The CSHA objectives were divided
into four categories.
Core objectives addressed the prevalence, incidence and risk
factors for dementia, and the impact of dementia on family
2. Secondary objectives
covered other health topics (such as disability, frailty or
healthy aging) that could readily be addressed in the context
of the study.
3. In addition, participating
investigators were encouraged to add supplementary add-on
studies of personal interest to them, and for which they could
obtain separate funding.
4. Finally, it was
anticipated that the CSHA results would generate spin-off
studies that could be undertaken by the same team members
under separate funding arrangements.
The objectives for the 1991 CSHA-1
1. To estimate the prevalence
of dementia among elderly Canadians;
2. To identify risk factors
for Alzheimers disease and for vascular dementia;
3. To describe patterns of
caring for patients with dementia in Canada and to assess
the burden that caring places on the caregivers;
4. To establish a database
for subsequent follow-up studies.
At CSHA-1 about a dozen add-on studies
were undertaken, while the spin-off studies included the development
of further diagnostic criteria for cognitive impairment, which
influenced the subsequent development of CSHA-2, the second
wave of the study.
The core objectives for CSHA-2 focused
on the incidence and risk factors for dementia, but many secondary
objectives were included, several building on work undertaken
as add-on components of CSHA-1:
1. To estimate the incidence of dementia (all forms
combined; Alzheimers disease, and vascular dementia);
2. To undertake cohort analyses
of risk factors for Alzheimers disease and for vascular
3. To examine patterns of
coexisting chronic disease in the demented and non-demented
4. To describe the clinical course of dementia, including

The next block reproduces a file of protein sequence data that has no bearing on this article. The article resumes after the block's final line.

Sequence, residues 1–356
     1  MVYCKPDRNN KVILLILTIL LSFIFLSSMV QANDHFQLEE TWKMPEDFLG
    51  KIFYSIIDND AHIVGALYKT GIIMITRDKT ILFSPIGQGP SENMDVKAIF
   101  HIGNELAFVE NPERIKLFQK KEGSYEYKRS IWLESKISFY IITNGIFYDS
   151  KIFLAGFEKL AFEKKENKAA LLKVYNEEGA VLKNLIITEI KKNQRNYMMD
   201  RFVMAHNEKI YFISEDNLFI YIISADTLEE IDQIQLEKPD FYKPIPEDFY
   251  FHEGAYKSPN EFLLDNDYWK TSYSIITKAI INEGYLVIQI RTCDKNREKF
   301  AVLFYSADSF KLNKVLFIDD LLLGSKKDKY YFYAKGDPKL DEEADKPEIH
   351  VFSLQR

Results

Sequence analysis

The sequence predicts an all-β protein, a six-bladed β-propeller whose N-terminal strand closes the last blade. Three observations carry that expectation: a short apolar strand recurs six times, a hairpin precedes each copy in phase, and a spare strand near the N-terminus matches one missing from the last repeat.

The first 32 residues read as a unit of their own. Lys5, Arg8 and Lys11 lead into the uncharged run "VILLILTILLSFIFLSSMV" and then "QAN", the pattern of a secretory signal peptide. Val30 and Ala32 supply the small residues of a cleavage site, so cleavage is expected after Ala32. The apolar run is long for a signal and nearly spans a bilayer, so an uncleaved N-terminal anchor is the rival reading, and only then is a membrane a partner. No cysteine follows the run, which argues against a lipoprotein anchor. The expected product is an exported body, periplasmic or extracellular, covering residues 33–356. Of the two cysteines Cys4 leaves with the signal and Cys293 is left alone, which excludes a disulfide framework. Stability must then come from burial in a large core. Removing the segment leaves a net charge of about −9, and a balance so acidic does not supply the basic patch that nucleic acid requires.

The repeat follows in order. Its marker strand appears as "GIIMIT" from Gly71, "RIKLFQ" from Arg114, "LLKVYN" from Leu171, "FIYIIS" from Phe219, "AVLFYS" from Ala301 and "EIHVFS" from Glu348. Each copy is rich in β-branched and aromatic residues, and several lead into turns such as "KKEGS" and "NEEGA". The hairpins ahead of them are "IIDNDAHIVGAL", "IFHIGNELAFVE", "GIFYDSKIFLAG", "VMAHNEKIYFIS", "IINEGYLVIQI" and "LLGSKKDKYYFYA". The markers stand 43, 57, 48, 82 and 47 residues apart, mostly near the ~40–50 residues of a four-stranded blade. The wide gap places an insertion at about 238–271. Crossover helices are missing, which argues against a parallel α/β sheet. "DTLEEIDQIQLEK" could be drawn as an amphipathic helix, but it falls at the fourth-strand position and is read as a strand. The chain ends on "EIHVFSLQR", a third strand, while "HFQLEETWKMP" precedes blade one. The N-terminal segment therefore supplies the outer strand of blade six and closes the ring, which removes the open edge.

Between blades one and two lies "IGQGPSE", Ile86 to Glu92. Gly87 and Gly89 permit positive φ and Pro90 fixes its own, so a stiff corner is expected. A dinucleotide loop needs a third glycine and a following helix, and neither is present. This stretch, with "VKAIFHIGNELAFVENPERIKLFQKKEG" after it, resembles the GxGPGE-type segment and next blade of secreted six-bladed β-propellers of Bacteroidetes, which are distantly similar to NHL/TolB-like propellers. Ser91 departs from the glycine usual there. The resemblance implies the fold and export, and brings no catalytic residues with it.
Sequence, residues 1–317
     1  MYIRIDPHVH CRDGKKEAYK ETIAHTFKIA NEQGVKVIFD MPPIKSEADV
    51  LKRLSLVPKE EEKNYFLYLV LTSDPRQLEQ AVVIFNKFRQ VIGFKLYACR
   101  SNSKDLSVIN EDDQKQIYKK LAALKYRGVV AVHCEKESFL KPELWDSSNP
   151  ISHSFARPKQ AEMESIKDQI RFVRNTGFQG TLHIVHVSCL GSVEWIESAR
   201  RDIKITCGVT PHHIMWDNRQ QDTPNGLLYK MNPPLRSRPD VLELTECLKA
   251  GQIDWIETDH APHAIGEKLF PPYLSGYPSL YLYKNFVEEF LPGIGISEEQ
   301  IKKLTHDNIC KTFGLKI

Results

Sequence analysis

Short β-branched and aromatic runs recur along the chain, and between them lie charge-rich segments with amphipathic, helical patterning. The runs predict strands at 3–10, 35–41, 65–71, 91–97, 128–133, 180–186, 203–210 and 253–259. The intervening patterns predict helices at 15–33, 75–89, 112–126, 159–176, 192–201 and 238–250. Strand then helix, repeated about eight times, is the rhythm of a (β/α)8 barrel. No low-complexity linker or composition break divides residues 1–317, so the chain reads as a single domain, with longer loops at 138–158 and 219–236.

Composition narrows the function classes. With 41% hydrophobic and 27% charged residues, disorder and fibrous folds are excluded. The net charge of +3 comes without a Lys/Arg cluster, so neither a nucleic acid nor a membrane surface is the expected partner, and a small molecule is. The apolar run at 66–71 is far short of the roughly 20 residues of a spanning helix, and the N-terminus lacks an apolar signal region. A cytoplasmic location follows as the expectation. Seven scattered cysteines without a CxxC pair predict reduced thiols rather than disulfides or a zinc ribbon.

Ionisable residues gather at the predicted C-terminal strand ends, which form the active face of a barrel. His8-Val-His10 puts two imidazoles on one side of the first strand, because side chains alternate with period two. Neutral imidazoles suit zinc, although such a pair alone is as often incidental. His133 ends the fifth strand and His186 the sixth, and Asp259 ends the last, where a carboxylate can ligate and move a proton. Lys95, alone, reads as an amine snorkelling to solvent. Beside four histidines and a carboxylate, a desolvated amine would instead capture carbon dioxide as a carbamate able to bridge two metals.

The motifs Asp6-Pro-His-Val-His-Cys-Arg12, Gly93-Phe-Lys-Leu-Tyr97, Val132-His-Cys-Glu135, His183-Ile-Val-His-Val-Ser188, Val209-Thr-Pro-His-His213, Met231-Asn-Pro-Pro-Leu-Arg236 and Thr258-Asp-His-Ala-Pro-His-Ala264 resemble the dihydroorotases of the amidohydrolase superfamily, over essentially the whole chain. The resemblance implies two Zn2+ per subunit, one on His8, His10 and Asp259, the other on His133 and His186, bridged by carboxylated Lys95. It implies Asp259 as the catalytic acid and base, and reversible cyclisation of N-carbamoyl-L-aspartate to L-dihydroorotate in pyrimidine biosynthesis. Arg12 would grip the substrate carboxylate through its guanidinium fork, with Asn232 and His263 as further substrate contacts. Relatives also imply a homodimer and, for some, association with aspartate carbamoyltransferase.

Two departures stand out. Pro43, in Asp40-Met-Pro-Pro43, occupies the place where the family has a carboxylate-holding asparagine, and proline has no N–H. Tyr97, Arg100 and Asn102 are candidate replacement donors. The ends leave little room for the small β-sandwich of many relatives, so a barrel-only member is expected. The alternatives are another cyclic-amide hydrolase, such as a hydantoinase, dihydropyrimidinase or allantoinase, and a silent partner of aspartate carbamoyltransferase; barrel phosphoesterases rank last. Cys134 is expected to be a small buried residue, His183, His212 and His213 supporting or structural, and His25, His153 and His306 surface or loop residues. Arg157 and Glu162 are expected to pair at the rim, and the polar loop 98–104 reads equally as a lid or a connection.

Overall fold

predictors of decline, institutional admission and mortality
rates by sex, age and region.
5. To trace and classify
the early stages of cognitive loss, identifying characteristics
that distinguish those who progress to dementia, and describing
patterns of normal cognitive aging.
Health, Disability and Frailty:
1. To determine what proportion of the elderly age
successfully, to describe their characteristics
and to identify predictors of successful aging;
2. To estimate the incidence
and predictors of dependency in activities of daily living;
3. To review patterns and
predictors of frailty; to identify the outcomes of frailty
in terms of risk of subsequent illness, cognitive decline,
institutional admission and mortality;
4. To examine the predictors
of admission to institutional care.
1. To quantify changes over time in the health of caregivers
of people with dementia compared to caregivers of cognitively
2. To describe changes over
time in the patterns of service utilization and support received
CSHA-3 completed our work on the
early stages of cognitive decline and was intended to set
the groundwork for intervention studies.
1. To estimate the prevalence and risk of progression
from various categories of cognitive impairment or loss to
dementia, based on the classification developed at CSHA-2;
2. To identify characteristics
and / or test scores that prospectively distinguish those
who develop dementia. From this, to develop algorithms to
identify people at risk of decline;
3. To model the potential
population impact of interventions for early cognitive impairment,
covering impacts on longevity, costs to the health care system,
and burden on caregivers.
Health, Disability and Frailty:
1. To describe the patterns of functional decline,
frailty, institutional admission and mortality associated
with various categories of cognitive change;
2. To estimate the 5-year
outcomes of frailty, as defined at CSHA-2;
3. To provide outcome data
on those who were apparently aging successfully at CSHA-1
and 2, and from this to refine our analysis of predictors
of successful aging.
1. To describe the needs for care of people with and
without cognitive problems, to examine the care they receive
in Canada, and to give a summary indication of the quality
of life of their caregivers;
2. To compare patterns of
community support service use for people with normal cognition,
with early cognitive impairment, and with dementia;
3. To estimate the
marginal cost of support and health services utilization for
caregivers of persons with cognitive impairment.